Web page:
Colombia: Best Beaches & Sleeping in Tayrona National Park

by on 18th February, 2022

Almost every traveller heading to Colombia will make Tayrona National Park’s beaches one of their must-see destinations.

Colombia’s Caribbean coast features postcard-perfect crystal waters and beautiful sandy beaches set among pristine tropical forests. This beach paradise is easily accessible from nearby Santa Marta.

For many, a day visit is not enough. Luckily, sleeping in Tayrona National Park is possible, too. There are hotels, camping, and hammock options. Be careful, though; the lapping of the waves and breathtaking beaches may lull you into lounging around longer in that hammock than you originally planned.

This guide will highlight the best Tayrona National Park beaches and practical information about where to stay and where you can swim.

Introduction to Tayrona National Park Beaches

Tayrona National Park, formed in 1969, is located in the far northeast of Colombia, just east of Barranquilla and close to the Venezuela border. Its protected areas cover 12,000 hectares of land and 3,000 hectares of marine zones.

Most people fly to Barranquilla or Santa Marta to access Tayrona National park or hike the nearby Lost City trek. Santa Marta lies around 25 miles (40km) from the park.

Four indigenous communities live within the park, the Kankuamo, Kogui, Wiwa and Arhuaco. Many of the walkways connecting the Tayrona National Park beaches are ancient paths. Visitors should remove rubbish — you cannot enter with plastic bags — and be respectful of the park’s cultural importance.

Swimming at Tayrona National Park Beaches

Colombia’s Caribbean beaches are not only famous for stunning sand and crystal waters. The coastline is riddled with treacherous and deadly currents that, despite the warnings, claim dozens of lives every year,

Be incredibly careful where you enter the sea at every Tayrona National Park beach you visit. People don’t heed the warning signs and underestimate the strength of the currents, with often tragic results. There are lifeguards in place to provide warnings on some beaches at some times of the year. Never bathe without knowing if it is safe, especially if you are not a strong or confident swimmer.

The Tayrona National Park Authorities give this outline advice for swimming. Always check locally and take into account weather and tidal conditions.

Swimming is possible in specific locations at these Tayrona National Park beaches:

  • Bahia Neguanje (only at specific points like Playa Cristal)
  • Cabo San Juan de Guia
  • Bahia Concha
  • La Piscina
  • Bahia Gayraca (accessible only by boat)

Never enter the water at:

  • Playa Cañaveral
  • Arreciefes
  • Almost every other beach you encounter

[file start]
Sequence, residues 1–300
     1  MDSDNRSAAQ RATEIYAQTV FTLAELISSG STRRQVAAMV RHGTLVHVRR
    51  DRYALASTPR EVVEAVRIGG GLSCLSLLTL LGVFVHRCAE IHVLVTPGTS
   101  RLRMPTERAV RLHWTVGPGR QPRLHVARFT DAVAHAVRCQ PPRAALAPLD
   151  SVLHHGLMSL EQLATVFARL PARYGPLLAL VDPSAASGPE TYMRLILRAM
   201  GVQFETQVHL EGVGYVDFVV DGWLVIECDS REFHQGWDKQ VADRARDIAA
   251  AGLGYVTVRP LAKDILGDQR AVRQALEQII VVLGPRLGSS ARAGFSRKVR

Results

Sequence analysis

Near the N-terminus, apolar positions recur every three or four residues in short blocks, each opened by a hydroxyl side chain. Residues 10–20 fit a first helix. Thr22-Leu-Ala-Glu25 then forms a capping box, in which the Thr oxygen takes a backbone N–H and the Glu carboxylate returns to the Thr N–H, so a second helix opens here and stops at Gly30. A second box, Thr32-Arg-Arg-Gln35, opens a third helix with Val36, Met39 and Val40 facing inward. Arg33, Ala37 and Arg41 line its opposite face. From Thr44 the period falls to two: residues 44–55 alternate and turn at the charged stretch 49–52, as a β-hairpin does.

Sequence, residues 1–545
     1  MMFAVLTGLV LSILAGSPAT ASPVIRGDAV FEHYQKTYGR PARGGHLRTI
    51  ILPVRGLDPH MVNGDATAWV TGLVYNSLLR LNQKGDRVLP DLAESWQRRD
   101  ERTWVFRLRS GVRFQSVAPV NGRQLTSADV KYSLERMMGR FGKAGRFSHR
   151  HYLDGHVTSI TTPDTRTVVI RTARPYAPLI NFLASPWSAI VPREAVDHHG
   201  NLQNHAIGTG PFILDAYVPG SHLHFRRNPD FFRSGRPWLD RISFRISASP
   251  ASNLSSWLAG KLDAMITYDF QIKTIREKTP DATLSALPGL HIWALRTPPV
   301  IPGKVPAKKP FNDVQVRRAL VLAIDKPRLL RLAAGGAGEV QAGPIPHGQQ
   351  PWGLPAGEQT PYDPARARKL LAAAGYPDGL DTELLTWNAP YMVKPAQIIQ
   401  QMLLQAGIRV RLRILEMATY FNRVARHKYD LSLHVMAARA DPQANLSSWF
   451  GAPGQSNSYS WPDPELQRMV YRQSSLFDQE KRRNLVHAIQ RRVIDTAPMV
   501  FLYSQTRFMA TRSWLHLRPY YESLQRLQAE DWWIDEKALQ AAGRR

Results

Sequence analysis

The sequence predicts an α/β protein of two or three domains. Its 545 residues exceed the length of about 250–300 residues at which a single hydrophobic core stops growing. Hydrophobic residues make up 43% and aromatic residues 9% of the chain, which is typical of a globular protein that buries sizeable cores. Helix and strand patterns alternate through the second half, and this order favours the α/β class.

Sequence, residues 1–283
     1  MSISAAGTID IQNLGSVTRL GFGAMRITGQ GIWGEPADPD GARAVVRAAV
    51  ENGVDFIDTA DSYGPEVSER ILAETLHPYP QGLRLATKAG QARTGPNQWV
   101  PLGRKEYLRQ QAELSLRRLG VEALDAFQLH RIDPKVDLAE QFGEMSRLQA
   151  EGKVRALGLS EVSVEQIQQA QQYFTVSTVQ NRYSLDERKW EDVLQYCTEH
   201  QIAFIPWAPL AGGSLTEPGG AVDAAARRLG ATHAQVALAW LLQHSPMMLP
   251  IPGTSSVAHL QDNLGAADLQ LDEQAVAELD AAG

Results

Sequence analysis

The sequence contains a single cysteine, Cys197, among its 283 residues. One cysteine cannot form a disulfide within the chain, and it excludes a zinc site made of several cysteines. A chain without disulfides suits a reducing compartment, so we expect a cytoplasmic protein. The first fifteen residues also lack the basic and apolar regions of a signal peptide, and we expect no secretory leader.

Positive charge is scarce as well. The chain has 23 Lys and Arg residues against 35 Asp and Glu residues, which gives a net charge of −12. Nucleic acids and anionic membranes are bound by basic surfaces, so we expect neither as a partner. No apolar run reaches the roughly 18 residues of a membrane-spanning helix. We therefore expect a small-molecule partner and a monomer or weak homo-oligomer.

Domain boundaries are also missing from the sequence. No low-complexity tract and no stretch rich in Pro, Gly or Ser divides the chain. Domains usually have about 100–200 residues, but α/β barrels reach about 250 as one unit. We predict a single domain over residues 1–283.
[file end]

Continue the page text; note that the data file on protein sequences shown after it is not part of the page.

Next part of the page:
If in doubt, stay out.

The Best of Tayrona National Park’s Beaches

Here is a quick rundown of some of the best and most popular beaches in Tayrona National Park.

The first beaches are written in the order you will encounter them if you enter at the Zaino entrance in the east and walk west along the coastline.

Zaino — Arrecife — La Piscina — Caba de San Juan — Playa Brava

View from Cayo Cangruejo to Providencia


Arrecife offers terrific views and the perfect balance of white sand, blue seas, and verdant green forest as a backdrop.

You cannot swim at Arrecife, but the beach offers beautiful sunrises and a variety of cheap sleeping options like camping and hammocks.

La Piscina (or Piscinitas)

Just before you arrive at Cabo San Juan, you’ll pass La Piscina (swimming pool). Boulders and reefs protect this beach from the notorious currents.

Swimming and snorkelling are possible, making La Piscina an excellent stop, particularly if you want to avoid the crowds. There are no facilities here, and it’s a 90-120 minute walk from the Zaino entrance.

Cabo San Juan, Tayrona’s Most Famous Beach

Most people head to Cabo San Juan for its fantastic, double-sided beach and plentiful accommodation options.

Rocks protect the coastline from the strongest currents, and people bathe in the crystal waters here. It does get busy, so avoid weekends and peak periods, and the joy of waking up in this little slice of heaven makes it all worth it.

There’s a restaurant, toilets, showers, hammocks, and even a little shop. You can even reserve accommodation in advance online. Prepare for a 2-3 hour walk from the Zaino entrance or take a 1-hour boat ride from Taganga.

Playa Brava

Playa Brava takes a bit of effort to get to — it’s a 2-3 hour walk from Cabo San Juan or a 3-4 hour hike from the Calabazo entrance — but determination brings its rewards.

Fewer people make it to this large, white-sand beach dotted with palm trees. Playa Braza’s hotel offers sleeping options, including hammocks, tents, and cabins. There is also a restaurant.